The veterans share their own personal stories of how they were affected by their time in the military, bringing another vision of these wars in which so many have been sacrificed by losing their lives and/or their humanity. And, they address the effects on the peoples of the countries under attack and what has happened when social structures have been destroyed. Not many veterans can do this.
Speaking openly of such experiences is very difficult and can open raw wounds – which is why even those students with veterans in their family or close circles have not heard much of what comes out in these discussions. Many veterans confront either denial or shame in revealing information contrary to the beliefs of those who “thank them for their service,” an issue for so many dealing with post-traumatic stress.
We are very grateful to these speakers who share their lives. They struggle to do this in order to help others avoid the trauma they have suffered and to avoid the horrific violence being aimed at so many others around the world.
We Are Not Your Soldiers brings this exposure of imperial wars to a generation of youth largely unaware of the crimes being carried out throughout the world in their names. As awareness and activism grows among young people around the climate crisis, immigration, racism, gun violence and the Trump administration, we show the connections between these issues and U.S. wars.
We emphasize students don’t have to believe us any more than they have to believe media advertising or the recruiters who approach them. They need to investigate on their own, researching conflicting claims to be able to get a true grasp on reality. Students ask questions and state their own opinions and thoughts. As a retired teacher with long-term experience in the New York City school system, I work with educators to align the presentation with their curriculum and be as relevant as possible to the needs of their students.
One student wrote: “Thank you for coming to our school. I appreciate that you shared your experience with us. It opened my eyes about the military because I didn’t know any of the stuff you shared with us. Your story made me realize how cruel the military can be. Also, you’re brave and kind-hearted for thinking about other people’s lives.”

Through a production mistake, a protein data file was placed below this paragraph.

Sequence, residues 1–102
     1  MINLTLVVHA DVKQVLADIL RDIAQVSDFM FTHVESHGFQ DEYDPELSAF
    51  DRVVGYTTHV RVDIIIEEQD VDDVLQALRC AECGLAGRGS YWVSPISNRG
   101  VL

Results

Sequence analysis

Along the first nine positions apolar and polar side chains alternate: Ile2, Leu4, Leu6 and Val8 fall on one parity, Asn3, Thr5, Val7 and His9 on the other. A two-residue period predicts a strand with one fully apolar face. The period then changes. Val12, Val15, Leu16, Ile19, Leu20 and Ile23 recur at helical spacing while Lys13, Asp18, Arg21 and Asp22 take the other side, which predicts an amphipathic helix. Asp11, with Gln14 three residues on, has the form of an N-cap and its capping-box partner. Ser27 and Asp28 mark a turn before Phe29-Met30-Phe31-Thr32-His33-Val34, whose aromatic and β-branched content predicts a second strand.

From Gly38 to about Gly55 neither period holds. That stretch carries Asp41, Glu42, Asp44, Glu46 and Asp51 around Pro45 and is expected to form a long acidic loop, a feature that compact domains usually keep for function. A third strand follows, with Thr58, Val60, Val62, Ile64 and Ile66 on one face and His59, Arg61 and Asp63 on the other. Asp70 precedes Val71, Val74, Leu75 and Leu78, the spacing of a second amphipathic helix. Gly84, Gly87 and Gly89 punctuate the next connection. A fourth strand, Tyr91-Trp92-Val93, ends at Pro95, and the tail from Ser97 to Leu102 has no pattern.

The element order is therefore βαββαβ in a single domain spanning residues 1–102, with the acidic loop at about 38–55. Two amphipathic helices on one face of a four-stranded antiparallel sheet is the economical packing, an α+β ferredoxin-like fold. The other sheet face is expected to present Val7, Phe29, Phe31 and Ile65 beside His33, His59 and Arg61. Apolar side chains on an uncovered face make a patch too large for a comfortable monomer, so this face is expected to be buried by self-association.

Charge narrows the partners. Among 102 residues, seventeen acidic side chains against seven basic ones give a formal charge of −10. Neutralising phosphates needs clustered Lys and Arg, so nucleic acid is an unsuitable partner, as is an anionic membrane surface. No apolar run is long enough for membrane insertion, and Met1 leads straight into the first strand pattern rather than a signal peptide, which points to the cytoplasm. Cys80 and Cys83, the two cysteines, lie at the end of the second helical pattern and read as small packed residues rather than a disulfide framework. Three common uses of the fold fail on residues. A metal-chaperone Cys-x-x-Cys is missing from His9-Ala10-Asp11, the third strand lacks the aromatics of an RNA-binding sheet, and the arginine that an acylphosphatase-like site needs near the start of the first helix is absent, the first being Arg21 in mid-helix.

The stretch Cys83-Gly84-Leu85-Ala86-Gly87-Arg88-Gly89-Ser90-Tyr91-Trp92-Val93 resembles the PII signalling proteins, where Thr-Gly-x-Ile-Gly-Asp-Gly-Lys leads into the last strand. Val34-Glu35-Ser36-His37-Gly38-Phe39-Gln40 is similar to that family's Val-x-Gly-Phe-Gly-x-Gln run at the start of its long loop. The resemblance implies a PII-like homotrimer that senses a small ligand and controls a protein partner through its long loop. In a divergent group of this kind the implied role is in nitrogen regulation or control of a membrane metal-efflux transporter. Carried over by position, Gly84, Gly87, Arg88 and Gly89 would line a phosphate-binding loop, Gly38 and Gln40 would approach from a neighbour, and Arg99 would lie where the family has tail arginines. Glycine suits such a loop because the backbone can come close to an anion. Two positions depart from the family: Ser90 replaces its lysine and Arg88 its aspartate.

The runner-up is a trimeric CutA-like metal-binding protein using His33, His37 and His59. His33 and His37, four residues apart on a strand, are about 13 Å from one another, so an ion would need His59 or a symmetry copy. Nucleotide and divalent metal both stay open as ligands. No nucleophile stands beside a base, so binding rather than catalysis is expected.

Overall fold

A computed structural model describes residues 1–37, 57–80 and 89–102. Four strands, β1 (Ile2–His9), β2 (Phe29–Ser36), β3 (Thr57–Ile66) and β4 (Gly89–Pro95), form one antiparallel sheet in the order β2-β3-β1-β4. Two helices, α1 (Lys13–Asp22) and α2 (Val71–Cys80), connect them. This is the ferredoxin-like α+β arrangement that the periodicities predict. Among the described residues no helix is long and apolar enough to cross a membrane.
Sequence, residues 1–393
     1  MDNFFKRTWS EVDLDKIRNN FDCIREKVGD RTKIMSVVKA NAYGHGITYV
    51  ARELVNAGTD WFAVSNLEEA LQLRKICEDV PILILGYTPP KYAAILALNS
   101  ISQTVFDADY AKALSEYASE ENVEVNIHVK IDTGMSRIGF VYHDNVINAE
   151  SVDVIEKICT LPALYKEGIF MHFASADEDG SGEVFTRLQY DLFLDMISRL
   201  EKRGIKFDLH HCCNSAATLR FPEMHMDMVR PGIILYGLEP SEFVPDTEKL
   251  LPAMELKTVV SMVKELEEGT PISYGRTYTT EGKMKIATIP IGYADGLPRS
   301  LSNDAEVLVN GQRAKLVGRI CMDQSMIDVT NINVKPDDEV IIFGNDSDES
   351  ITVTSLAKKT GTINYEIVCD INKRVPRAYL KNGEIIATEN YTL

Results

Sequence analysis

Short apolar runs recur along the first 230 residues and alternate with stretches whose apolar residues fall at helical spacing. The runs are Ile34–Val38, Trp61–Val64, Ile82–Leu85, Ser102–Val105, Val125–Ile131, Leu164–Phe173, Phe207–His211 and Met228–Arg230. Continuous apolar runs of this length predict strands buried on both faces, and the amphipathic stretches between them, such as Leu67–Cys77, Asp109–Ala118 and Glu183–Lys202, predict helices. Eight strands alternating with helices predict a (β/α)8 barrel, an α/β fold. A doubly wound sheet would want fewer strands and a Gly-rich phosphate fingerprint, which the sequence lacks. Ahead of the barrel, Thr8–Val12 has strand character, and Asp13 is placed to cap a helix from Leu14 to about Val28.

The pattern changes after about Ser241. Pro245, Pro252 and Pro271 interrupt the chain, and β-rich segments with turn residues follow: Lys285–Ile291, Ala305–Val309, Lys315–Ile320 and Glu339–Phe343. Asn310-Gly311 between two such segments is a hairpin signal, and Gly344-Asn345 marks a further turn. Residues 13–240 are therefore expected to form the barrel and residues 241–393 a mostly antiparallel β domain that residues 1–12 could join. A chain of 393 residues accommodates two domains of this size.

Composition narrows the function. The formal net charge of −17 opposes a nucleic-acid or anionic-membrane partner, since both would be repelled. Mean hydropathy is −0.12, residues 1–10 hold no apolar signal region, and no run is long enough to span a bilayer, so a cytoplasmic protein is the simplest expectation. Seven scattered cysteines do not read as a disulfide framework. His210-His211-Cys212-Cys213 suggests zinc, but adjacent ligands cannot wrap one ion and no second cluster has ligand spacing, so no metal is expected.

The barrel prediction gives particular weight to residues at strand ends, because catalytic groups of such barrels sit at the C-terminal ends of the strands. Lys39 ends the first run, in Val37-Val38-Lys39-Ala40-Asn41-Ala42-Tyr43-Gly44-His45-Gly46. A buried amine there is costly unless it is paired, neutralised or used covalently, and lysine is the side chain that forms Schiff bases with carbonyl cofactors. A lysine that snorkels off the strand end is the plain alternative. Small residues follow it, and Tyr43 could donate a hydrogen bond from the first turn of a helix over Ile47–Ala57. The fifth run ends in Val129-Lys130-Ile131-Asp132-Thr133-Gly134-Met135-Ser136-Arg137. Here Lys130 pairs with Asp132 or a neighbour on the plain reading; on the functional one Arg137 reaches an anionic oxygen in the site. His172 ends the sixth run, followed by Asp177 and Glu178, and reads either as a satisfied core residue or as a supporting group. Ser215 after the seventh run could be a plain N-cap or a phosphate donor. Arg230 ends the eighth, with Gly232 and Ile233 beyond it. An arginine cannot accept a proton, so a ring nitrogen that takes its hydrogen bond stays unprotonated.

Sometimes, we show students “Collateral Murder,” footage released by Chelsea Manning via Wikileaks of the US helicopter killing of Reuters journalists and others in Baghdad, or excerpts from “Unmanned,” a feature film about the moral quandary of a drone pilot stationed in the United States. After watching “Collateral Murder” students in a JROTC class asked, “Why did they kill children?” “Why did they talk about people in Iraq in such a messed up way?”
Morality is a key word or core idea we always introduce for students to consider throughout the presentation and discussion – knowing the difference between right and wrong and what to do when you know that something is wrong.
Coming to your school
If you are an educator, a student or a parent, invite us to your school. If you are a parent or simply a concerned citizen, approach local principals, guidance counselors or teachers about the importance of their students hearing all sides of the story so they can make wise decisions of what to do upon graduation. We encourage you to visit our website and follow our Facebook page.
We offer the We Are Not Your Soldiers presentations free of charge. Your donations keep us going.
We are scheduling visits for our We Are Not Your Soldiers tour for the fall 2019 semester. Call us at 646-807-3259 or email email@example.com. We will arrange to be at your school no matter where you are located — we can do “distance” visits via Skype or Zoom.